Moving in Stereo
Why is this so hard?
This week, I discovered that I had four boom boxes, but none with a working CD player. The Sony that I bought from Wal-Mart last year has decided that all of my discs are scratched. The Aiwa that I got at Goodwill has decided that it only needed to play one song, over and over again. The Aiwa that I got at Thrift Town only plays cassettes. And the big Sony boom box that had been my stereo since 1998 has decided to retire to radio-only status. So I have been forced to play my CDs on my fifteen-year-old Sony Discman, augmented by the free Jam Plus speakers I got when I was in the audience of “The Talk” a few years ago. For a music fanatic like me, this is a major disaster.
Does anyone play CDs anymore? Someone must. Whenever I go to Amoeba in Los Angeles, Rasputin in San Francisco, or Dimples in Sacramento, they are filled with people and product. But what can I get to play them on that will last longer than one year? I would also like to start collecting records again. Yes, “records,” not “vinyl.” Vinyl was the material of the green chair that my dad sat in back in the day. The stereo console that my father bought in the early seventies was still going strong in the eighties, so why do modern electronics expire quicker than the can of soup in my kitchen cabinet?
Is price the problem? How much do I have to shell out to be able to play my Yes CDs in a format that is comparable to their musicianship? What is the going rate for sonic satisfaction? I have figured out that $40 will only buy me a radio. So what kind of stereo can I buy that includes a CD player, record player, maybe a cassette player, and (sigh) another radio?
Off I went to the Best Buy website. Under “Home Audio,” I looked under “Stereo Shelf Systems.” Out of 74 products, only three included a record player (or turntable). I could get a Jensen system for $92, but that just sounds like another accident waiting to happen. For $140, I could get a “Victrola 8-in-1 Bluetooth Wooden Music Center.” There are no reviews, so I’m a little nervous. I like those wooden replica things made by Victrola and Crosley, but does their sound measure up to their quaintness? Quaintness has its place, but I play Motorhead CDs. Next, I looked up “CD Players and Turntables.” I could get a TEAC USB Turntable and CD Recorder for $300 and be able to convert all of my music to digital files. Am I the only person who doesn’t want to convert anything to digital? I haven’t converted anything since I taped records to cassettes in the eighties. (I really miss those mixtapes.)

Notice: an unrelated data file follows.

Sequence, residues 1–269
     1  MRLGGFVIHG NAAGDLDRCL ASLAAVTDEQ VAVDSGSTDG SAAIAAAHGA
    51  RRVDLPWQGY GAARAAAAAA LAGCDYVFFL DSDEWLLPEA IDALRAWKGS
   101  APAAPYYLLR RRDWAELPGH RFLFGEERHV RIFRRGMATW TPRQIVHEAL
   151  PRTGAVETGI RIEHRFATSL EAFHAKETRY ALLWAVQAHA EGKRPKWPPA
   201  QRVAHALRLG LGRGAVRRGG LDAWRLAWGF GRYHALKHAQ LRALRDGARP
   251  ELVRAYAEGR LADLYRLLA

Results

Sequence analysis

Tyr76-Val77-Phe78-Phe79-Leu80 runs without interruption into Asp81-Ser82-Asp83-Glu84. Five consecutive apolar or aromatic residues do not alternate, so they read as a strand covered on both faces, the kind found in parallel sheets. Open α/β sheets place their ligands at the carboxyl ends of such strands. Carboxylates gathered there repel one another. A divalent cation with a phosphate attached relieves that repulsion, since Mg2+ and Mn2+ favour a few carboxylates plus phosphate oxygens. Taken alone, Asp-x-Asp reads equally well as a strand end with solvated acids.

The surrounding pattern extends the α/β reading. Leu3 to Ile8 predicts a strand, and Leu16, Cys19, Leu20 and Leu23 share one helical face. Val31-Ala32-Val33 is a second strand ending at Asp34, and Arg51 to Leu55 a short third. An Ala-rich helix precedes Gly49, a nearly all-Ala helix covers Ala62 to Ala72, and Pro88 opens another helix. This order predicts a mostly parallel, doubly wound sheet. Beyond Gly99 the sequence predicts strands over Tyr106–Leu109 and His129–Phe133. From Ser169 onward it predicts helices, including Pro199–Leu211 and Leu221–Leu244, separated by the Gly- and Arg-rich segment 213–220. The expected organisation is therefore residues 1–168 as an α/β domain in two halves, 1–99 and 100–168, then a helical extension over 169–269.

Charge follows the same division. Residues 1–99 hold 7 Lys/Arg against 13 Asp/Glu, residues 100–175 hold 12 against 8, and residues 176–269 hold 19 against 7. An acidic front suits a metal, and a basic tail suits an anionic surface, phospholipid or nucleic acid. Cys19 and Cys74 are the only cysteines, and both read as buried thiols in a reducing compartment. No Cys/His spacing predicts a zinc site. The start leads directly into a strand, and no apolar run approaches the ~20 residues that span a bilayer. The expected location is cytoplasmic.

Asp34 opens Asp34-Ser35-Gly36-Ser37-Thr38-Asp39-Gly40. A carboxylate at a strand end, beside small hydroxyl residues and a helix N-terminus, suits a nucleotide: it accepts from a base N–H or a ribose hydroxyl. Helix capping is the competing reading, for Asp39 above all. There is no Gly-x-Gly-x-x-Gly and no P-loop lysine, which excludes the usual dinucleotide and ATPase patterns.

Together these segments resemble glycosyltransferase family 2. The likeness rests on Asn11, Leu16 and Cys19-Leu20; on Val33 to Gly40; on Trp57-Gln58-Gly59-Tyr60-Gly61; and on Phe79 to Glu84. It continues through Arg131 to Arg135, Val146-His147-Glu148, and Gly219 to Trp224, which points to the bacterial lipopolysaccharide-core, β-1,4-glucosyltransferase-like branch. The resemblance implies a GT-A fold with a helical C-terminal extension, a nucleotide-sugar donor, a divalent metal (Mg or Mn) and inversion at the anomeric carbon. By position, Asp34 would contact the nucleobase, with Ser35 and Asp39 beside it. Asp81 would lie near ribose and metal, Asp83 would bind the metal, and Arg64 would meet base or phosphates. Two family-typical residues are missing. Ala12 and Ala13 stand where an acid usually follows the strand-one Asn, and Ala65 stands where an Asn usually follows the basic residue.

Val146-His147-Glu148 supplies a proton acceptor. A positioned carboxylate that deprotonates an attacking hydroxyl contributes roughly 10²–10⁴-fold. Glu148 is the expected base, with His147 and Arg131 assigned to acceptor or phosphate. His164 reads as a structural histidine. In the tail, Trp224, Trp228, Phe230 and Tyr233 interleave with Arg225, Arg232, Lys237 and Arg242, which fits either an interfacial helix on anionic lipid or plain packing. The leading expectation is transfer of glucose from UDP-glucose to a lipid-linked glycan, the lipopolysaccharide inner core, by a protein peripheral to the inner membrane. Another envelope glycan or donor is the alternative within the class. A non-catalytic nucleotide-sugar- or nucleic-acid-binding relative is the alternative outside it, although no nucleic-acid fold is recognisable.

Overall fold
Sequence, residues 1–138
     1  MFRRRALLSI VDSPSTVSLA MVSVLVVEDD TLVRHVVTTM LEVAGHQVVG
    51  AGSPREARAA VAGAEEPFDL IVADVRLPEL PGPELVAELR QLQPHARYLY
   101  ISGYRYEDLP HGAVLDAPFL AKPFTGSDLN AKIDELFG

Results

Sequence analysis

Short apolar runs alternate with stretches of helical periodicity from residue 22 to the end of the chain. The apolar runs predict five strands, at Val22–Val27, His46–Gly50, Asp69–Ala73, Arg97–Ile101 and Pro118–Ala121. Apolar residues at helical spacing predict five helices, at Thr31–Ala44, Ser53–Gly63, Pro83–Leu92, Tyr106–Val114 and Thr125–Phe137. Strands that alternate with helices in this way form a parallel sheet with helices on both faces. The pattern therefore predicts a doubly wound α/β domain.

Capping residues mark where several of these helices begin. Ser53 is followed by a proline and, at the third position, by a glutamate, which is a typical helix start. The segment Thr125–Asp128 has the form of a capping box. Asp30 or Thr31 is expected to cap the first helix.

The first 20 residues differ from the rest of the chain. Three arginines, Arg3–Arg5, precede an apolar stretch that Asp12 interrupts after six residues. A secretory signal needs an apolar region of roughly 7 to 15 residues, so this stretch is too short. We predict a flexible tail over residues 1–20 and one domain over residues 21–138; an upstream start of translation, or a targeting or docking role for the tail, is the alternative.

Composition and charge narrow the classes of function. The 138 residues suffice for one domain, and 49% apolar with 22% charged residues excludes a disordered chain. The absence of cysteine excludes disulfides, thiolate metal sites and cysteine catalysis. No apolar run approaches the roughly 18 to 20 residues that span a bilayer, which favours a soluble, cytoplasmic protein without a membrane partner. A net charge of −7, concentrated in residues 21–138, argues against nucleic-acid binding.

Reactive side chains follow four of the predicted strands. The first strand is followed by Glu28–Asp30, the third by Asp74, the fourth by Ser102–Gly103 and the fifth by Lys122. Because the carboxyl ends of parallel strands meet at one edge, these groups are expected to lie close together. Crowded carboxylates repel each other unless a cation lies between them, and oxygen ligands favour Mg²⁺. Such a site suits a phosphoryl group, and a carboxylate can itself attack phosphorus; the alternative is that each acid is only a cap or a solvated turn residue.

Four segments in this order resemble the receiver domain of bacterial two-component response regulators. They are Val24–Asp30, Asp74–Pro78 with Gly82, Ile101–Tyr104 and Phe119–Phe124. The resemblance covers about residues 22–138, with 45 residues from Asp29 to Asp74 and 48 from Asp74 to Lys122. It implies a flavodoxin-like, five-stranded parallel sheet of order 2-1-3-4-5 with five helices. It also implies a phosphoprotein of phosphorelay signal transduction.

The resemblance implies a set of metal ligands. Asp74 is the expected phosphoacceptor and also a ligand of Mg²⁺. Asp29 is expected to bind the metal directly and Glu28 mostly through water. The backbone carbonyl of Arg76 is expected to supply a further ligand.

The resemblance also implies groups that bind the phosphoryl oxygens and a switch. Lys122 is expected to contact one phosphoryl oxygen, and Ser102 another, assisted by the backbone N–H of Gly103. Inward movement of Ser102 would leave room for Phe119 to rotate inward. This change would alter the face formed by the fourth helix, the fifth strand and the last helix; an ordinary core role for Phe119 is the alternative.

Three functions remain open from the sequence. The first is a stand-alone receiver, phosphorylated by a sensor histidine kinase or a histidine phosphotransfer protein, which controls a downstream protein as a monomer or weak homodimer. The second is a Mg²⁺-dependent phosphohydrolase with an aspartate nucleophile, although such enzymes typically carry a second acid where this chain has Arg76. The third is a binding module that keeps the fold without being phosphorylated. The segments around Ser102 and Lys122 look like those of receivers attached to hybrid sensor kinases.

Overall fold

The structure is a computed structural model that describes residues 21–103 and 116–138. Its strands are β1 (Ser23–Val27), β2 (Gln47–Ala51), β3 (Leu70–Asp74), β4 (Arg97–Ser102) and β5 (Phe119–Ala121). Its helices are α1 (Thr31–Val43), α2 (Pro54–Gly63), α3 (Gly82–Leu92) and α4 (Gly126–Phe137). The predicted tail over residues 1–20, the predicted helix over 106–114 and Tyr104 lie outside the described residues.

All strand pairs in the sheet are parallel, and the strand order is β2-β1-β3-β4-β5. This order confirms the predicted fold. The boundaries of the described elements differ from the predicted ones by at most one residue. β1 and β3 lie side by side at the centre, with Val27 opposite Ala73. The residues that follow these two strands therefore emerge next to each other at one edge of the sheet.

Of course, I could put together my own stereo system, buying a receiver, tuner, turntable, CD player, and speakers separately. That will never happen. I’m not a snooty audiophile. I don’t build things and I don’t need a Home Theater Receiver in my tiny apartment with thin walls. My $200 television and free DVD player sit on plastic tubs from Target. That’s not a home theater. I don’t even enjoy going to Away-from-Home Theaters that much. For $500, I can get a Denon receiver with “Dolby Atmos, DTS:X and Dolby Pro Logic IIx surround sound decoders; MusicCast multiroom audio; AM/FM tuner; supports AirPlay; Bluetooth enabled; Wi-Fi compatible.” What in the hell does any of that mean? I just want to be able to play the “Physical Graffiti” super deluxe box CD and LP set that I want to get for Christmas. Who are these people who spend $3,799 on a receiver and how do I get on their holiday gift list?
I decide to see what the experts have to say. When I typed in “best stereos,” all I got were car stereos. “Best home theater systems” did not bring up any record players — excuse me, I mean turntables. When I searched “CD and turntables” I got scratch turntables and DJ equipment. Even Consumer Reports doesn’t even have turntables listed on their website. This is too complicated. I’m not planning a mission to Mars. (But I would like to listen to Sammy Hagar’s “Marching to Mars.”) Maybe I’ll get the $300 TEAC and hope for the best, because that Discman is not going to last forever. I really miss my Dad’s Admiral stereo console. That eight-track worked really well.